The amount of non-cash payments in China in the third quarter declined for the first time, according to a central bank report released Tuesday.
The amount of money involved in non-cash payments, including commercial papers and bank cards, was about 157.3 trillion yuan (22.97 trillion U.S. dollars) in the third quarter, down 8.3 percent year on year, according to the People's Bank of China.
The first-ever fall was a proof of a less active economy, as the country saw its third quarter growth slow to 9 percent, the slowest pace in five years.
The central bank said the biggest drop, without giving the exact number, was reported with the use of commercial papers, which are more often used by small and medium-sized enterprises.
Transactions made with bank cards continued to rise, with the amount of money involved up 4.1 percent in the third quarter from the same period last year. But the growth rate was 58.8 percentage points lower than last year's figure.
The use of bank cards, instead of cash, continued to be more popular among consumers. The report said transactions using bank cards, excluding large commodities like real estate and wholesale purchases, took up 25.7 percent of the country's total retail sales in the third quarter. The figure was 1.8 percentage points higher than in the second quarter.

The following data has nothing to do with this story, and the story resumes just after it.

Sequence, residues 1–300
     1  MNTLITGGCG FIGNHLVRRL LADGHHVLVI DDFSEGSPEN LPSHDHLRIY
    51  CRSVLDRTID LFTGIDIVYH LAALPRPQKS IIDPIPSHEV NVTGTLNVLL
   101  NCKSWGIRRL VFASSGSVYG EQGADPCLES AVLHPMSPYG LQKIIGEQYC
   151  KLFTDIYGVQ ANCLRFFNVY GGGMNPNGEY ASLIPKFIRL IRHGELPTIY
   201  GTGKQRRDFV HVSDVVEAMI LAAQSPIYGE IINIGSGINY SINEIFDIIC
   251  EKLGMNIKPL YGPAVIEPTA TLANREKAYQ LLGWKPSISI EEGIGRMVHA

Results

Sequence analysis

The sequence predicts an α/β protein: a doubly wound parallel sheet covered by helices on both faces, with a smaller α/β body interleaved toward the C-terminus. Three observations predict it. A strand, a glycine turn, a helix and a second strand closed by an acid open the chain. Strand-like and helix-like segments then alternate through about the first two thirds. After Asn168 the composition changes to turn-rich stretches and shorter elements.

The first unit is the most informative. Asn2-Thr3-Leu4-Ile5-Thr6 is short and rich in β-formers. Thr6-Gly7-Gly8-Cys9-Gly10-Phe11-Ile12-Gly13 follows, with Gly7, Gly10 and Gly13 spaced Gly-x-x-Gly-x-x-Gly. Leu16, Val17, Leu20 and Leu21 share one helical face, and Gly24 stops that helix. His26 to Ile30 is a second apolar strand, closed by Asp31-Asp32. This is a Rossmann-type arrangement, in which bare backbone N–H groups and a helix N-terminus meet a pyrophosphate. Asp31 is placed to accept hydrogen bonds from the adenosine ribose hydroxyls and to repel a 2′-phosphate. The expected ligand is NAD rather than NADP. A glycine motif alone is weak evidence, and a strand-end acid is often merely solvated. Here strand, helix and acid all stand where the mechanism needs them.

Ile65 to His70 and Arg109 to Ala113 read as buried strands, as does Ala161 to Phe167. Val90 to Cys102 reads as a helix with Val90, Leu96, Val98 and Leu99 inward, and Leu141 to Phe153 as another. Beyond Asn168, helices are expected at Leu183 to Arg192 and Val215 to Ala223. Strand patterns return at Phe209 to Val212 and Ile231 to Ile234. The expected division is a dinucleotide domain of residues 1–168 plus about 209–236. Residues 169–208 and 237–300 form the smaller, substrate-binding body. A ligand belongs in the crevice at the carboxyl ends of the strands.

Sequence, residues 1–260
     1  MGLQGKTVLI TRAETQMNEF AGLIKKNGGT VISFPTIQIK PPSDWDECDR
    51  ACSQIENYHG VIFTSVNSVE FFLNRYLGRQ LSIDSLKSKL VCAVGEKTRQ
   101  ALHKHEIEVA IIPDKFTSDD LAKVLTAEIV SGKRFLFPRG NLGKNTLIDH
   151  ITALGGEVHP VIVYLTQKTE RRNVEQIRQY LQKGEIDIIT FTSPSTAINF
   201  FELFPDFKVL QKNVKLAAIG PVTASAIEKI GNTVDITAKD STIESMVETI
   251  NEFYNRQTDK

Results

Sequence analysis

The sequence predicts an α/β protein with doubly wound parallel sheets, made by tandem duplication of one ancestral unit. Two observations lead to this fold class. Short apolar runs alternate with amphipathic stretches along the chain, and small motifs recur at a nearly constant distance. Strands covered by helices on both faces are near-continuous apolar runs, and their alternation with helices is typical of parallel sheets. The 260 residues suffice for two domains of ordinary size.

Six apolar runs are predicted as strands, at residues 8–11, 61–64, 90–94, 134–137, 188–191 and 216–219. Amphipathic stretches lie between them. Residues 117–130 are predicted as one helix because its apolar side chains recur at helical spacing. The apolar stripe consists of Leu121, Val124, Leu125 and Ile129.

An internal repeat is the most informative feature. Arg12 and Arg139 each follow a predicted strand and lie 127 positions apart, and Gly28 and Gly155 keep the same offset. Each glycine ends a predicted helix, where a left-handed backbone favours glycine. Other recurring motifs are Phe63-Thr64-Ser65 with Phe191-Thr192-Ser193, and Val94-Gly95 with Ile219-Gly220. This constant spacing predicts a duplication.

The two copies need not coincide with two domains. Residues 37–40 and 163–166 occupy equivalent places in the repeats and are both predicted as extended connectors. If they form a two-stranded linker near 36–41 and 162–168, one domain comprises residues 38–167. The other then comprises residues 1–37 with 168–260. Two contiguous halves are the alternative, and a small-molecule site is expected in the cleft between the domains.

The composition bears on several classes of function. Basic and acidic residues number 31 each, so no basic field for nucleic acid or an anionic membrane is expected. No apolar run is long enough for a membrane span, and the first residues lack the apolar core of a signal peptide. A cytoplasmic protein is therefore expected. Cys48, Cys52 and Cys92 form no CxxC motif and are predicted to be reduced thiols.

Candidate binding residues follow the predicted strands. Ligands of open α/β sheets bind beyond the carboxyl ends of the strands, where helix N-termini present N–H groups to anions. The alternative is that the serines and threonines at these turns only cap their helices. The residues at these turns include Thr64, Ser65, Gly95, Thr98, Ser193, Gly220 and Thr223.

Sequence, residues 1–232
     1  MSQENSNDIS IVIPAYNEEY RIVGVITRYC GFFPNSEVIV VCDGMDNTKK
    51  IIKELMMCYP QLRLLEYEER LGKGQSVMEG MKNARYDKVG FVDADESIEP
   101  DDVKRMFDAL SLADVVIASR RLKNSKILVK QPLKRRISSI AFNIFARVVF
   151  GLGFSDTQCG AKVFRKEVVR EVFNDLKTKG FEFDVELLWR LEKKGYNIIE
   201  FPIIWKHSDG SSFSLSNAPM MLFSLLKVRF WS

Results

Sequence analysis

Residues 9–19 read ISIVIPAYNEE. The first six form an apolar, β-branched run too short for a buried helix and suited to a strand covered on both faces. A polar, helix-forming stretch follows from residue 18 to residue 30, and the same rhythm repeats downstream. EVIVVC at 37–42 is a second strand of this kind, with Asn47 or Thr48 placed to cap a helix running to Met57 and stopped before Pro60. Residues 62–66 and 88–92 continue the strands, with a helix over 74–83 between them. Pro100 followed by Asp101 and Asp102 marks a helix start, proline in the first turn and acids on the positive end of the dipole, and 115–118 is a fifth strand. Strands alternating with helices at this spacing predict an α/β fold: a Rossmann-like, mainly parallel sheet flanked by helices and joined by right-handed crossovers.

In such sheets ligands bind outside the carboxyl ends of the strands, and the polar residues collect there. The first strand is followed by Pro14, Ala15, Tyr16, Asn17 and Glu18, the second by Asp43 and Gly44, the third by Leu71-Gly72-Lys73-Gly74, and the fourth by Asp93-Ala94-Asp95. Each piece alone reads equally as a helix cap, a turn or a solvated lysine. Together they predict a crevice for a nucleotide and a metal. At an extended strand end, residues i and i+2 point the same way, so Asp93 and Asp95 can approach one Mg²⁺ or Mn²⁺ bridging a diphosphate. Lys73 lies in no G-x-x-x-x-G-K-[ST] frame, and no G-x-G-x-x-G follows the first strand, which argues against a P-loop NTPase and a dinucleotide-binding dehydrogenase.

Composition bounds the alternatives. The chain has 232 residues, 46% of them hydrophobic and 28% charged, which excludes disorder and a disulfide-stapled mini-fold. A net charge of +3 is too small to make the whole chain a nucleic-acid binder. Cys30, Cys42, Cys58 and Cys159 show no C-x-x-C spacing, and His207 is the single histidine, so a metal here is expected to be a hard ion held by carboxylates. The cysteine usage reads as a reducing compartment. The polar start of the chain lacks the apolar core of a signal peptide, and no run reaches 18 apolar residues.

The average spending on each bank card was 592 yuan in the third quarter, up 0.7 percent than in the second quarter, and spending for each transaction was 1,435 yuan, down 8.7 percent than in the second quarter, according to the report.
Tuesday's report also said the use of credit cards continued to spread quickly despite a slowdown in economic growth. As of the end of the third quarter, more than 130 million credit cards had been issued, representing a year-on-year increase of more than 70 percent.
In the meantime, outstanding credit on these cards reached 891 billion yuan, up 70.9 percent year on year, and the credit figure was 3.5 times that of the end of third quarter in 2006.